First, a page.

‘Religious Diversity in a Secular Era’ to be presented Oct. 16 at Rice University’s Boniuk Institute
HOUSTON – (Oct. 8, 2014) – José Casanova, a leading scholar on religion and globalization, will discuss “Religious Diversity in a Secular Era” at Rice University Oct. 16. Presented by Rice’s Boniuk Institute for the Study and Advancement of Religious Tolerance, the event is free and open to the public.
Who: José Casanova, professor of sociology and senior fellow at Georgetown University’s Berkley Center for Religion, Peace and World Affairs.
When: 7 p.m. Oct. 16.
Where: Rice University, Herring Hall, Room 100, 6100 Main St.
The Boniuk Institute was founded in 2013 with a gift from Houston philanthropists Dr. Milton and Laurie Boniuk. It is an expansion of the Boniuk Center that was created at Rice in 2004 with a gift from the Boniuks. The Boniuk Center was dedicated to nurturing tolerance among people of all and no faiths, especially youth, and to studying the conditions in which tolerance and intolerance flourish. The Boniuk Institute’s expanded mission focuses on research, education and community engagement.
The public is encouraged to register for this event at https://jfe.qualtrics.com/form/SV_0fEL1ndwJkqJYKF.
Members of the news media who want to attend should RSVP to Jeff Falk, associate director of national media relations at Rice, at firstname.lastname@example.org or 713-348-6775.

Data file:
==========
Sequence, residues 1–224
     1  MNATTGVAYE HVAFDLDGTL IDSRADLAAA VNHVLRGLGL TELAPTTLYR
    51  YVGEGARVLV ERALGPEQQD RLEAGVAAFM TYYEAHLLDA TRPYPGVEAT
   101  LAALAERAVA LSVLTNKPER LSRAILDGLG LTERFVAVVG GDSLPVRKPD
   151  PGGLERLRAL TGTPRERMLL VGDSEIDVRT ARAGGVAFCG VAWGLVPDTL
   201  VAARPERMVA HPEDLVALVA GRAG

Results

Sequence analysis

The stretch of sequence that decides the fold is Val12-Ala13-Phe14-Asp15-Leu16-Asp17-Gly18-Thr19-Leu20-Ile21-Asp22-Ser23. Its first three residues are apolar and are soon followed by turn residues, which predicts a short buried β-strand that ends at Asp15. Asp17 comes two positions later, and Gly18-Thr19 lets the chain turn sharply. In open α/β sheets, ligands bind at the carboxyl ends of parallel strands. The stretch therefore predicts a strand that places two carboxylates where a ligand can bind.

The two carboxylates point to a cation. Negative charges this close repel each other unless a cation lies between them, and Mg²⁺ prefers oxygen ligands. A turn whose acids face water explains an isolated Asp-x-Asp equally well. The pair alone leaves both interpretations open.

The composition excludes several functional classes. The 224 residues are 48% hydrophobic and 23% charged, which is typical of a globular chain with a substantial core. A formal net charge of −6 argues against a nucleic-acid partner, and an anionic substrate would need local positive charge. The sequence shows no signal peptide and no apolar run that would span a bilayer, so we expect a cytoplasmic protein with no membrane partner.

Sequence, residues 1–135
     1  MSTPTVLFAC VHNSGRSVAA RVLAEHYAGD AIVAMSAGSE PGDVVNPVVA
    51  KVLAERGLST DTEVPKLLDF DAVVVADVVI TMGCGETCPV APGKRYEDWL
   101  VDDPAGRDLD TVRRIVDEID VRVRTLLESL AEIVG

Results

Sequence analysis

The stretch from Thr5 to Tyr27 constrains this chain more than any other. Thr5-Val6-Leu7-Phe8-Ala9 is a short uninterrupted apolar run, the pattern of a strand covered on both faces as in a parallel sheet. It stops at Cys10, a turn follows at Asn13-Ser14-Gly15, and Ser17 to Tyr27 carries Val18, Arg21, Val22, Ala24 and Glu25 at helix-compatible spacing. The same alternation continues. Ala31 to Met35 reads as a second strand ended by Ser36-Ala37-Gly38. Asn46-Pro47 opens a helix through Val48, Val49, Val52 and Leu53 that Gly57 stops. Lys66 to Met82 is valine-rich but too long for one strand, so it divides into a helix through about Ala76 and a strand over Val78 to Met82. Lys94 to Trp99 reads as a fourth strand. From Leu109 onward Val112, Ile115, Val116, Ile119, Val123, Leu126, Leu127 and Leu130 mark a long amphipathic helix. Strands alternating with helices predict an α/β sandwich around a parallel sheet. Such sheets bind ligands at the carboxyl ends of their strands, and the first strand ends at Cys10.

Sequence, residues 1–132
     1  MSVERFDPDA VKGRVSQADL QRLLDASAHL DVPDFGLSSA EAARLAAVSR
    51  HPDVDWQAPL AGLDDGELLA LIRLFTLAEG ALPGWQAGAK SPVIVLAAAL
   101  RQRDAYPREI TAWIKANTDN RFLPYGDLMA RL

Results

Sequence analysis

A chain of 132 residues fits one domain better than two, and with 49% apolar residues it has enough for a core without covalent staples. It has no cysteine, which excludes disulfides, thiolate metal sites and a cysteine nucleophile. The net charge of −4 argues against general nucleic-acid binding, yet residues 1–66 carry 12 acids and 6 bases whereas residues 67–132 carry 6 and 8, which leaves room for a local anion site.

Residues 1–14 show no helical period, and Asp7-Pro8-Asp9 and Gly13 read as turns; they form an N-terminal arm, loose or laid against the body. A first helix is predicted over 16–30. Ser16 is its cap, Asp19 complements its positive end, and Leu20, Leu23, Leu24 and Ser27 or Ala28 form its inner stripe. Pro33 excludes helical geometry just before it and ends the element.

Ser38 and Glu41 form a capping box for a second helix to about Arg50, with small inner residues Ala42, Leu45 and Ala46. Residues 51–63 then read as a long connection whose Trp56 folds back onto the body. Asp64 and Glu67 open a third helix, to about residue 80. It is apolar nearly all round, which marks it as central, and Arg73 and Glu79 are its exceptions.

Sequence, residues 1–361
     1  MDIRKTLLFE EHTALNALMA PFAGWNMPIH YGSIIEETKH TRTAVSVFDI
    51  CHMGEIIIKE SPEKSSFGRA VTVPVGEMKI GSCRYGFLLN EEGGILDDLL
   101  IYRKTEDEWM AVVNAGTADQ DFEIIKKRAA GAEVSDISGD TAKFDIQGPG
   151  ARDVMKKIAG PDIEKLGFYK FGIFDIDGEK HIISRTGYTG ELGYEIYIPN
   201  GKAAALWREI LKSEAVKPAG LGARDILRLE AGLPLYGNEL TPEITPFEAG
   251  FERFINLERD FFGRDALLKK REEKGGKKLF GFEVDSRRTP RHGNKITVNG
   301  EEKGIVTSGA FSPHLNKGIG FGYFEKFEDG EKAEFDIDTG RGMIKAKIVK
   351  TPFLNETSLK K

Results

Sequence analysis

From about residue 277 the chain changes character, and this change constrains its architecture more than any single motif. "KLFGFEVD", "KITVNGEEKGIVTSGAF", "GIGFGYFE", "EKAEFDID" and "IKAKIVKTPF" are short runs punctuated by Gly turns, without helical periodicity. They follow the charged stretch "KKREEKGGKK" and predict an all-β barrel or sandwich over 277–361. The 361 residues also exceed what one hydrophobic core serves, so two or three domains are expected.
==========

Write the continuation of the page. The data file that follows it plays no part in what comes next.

For a map of Rice University’s campus, go to www.rice.edu/maps/maps.html.
José Casanova photo courtesy of Rice University’s Boniuk Institute.
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Located on a 300-acre forested campus in Houston, Rice University is consistently ranked among the nation’s top 20 universities by U.S. News & World Report. Rice has highly respected schools of Architecture, Business, Continuing Studies, Engineering, Humanities, Music, Natural Sciences and Social Sciences and is home to the Baker Institute for Public Policy. With 3,920 undergraduates and 2,567 graduate students, Rice’s undergraduate student-to-faculty ratio is just over 6-to-1. Its residential college system builds close-knit communities and lifelong friendships, just one reason why Rice is highly ranked for best quality of life by the Princeton Review and for best value among private universities by Kiplinger’s Personal Finance. To read “What they’re saying about Rice,” go here.